This work was funded by Bonneville Power Administration (BPA) Project No. 2009-004-00. Contributions from TS were supported by the Ronald E. McNair Scholars Program, Portland State University.
Elementa: Science of the Anthropocene
Human ecology -- History, Columbia River Watershed -- Land use -- History, Fluvial geomorphology, Water temperature -- Columbia River Watershed, Stream conservation
Land use legacies can have a discernible influence in present-day watersheds and should be accounted for when designing conservation strategies for riverine aquatic life. We describe the environmental history of three watersheds within the Grande Ronde subbasin of the Columbia River using General Land Office survey field notes from the 19th century. In the two watersheds severely impacted by Euro-American land use, stream channel widths—a metric representing habitat simplification—increased from an average historical width of 16.8 m to an average present width of 20.8 m in large streams; 4.3 m to 5.5 m in small, confined or partly confined streams; and 3.5 m to 6.5 m in small, laterally unconfined steams. Conversely, we did not detect significant change in stream widths in an adjacent, wilderness stream with minimal human impact. Using a mechanistic water temperature model and restoration scenarios based on the historical condition, we predicted that stream restoration in the impacted watersheds could notably decrease average water temperatures—especially when channel narrowing is coupled with riparian restoration—up to a 6.6°C reduction in the upper Grande Ronde River and 3.0°C in Catherine Creek. These reductions in water temperature translated to substantial changes in the percentage of stream network habitable to salmon and steelhead migration (from 29% in the present condition to 79% in the fully restored scenario) and to core juvenile rearing (from 13% in the present condition to 36% in the fully restored scenario). We conclude that land use legacies leave an important footprint on the present landscape and are critical for understanding historic habitat-forming processes as a necessary first step towards restoration.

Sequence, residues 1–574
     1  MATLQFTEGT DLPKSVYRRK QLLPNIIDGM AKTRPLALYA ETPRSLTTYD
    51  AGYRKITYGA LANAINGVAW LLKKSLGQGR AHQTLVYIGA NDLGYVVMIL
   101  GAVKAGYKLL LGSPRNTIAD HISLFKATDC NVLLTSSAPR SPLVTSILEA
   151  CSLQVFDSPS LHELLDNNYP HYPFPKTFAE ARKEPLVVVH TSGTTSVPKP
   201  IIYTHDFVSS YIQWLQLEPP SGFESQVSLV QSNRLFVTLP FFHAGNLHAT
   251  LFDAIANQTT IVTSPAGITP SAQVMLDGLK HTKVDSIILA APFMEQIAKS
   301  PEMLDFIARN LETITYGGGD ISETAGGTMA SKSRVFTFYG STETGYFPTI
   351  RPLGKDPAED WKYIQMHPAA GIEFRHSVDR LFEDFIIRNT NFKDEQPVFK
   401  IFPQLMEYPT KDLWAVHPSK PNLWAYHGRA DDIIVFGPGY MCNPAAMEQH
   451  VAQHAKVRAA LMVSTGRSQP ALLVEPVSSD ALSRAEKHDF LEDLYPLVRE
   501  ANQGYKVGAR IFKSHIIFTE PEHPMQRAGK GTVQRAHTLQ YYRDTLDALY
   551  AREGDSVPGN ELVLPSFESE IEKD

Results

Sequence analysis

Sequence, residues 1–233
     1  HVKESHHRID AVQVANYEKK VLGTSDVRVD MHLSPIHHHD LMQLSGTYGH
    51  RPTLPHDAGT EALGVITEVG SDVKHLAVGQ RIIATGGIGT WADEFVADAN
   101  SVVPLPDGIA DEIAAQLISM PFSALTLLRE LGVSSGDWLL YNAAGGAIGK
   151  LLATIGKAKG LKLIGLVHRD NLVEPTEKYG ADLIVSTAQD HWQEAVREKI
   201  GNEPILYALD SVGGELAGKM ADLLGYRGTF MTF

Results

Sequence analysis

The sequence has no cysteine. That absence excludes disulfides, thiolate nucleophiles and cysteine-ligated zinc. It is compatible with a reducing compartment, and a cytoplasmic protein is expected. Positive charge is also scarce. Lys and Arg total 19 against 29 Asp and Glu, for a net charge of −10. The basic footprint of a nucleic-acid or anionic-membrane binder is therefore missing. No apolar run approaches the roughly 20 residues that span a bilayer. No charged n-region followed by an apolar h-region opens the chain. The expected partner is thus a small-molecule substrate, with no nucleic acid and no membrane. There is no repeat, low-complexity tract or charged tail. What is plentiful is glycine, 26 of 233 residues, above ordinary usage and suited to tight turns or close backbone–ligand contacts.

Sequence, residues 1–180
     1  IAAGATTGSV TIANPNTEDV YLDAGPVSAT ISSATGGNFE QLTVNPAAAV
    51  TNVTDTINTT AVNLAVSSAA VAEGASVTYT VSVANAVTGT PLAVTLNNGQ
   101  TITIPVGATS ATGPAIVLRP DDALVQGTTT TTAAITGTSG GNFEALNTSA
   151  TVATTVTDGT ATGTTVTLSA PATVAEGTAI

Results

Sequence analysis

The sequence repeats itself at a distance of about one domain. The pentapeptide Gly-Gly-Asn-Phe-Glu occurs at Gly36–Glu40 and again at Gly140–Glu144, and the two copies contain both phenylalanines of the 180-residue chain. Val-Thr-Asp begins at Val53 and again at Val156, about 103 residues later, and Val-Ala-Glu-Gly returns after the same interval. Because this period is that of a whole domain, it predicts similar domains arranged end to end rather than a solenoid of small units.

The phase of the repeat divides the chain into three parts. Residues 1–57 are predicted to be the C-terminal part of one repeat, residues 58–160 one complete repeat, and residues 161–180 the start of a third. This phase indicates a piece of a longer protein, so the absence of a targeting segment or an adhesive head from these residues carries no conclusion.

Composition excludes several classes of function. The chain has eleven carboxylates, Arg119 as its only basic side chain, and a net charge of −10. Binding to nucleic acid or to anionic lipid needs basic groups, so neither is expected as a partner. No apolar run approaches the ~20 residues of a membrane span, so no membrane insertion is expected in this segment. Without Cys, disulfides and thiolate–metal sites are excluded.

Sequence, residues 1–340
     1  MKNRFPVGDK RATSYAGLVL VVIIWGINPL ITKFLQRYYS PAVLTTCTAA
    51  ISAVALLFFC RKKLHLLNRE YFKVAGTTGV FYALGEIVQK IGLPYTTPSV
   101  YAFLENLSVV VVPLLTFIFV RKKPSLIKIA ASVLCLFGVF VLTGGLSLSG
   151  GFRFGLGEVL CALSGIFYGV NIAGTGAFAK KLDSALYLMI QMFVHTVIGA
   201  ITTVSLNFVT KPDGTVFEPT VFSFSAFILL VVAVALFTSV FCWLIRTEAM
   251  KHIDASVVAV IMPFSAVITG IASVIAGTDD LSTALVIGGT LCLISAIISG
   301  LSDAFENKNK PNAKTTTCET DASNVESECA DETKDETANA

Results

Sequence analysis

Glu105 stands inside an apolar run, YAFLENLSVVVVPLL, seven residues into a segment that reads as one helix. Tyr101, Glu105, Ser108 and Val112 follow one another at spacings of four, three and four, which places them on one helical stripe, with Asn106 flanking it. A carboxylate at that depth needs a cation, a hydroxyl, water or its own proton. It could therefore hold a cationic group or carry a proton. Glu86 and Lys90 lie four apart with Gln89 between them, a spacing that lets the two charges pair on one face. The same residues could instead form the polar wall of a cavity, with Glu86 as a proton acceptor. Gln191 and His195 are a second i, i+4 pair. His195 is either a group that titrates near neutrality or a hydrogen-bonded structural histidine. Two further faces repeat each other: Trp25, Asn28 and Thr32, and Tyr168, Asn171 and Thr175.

White SM, Justice C, Kelsey DA, McCullough DA, Smith T. Legacies of stream channel modification revealed using General Land Office surveys, with implications for water temperature and aquatic life. Elem Sci Anth. 2017;5:3. DOI:http://doi.org/10.1525/elementa.192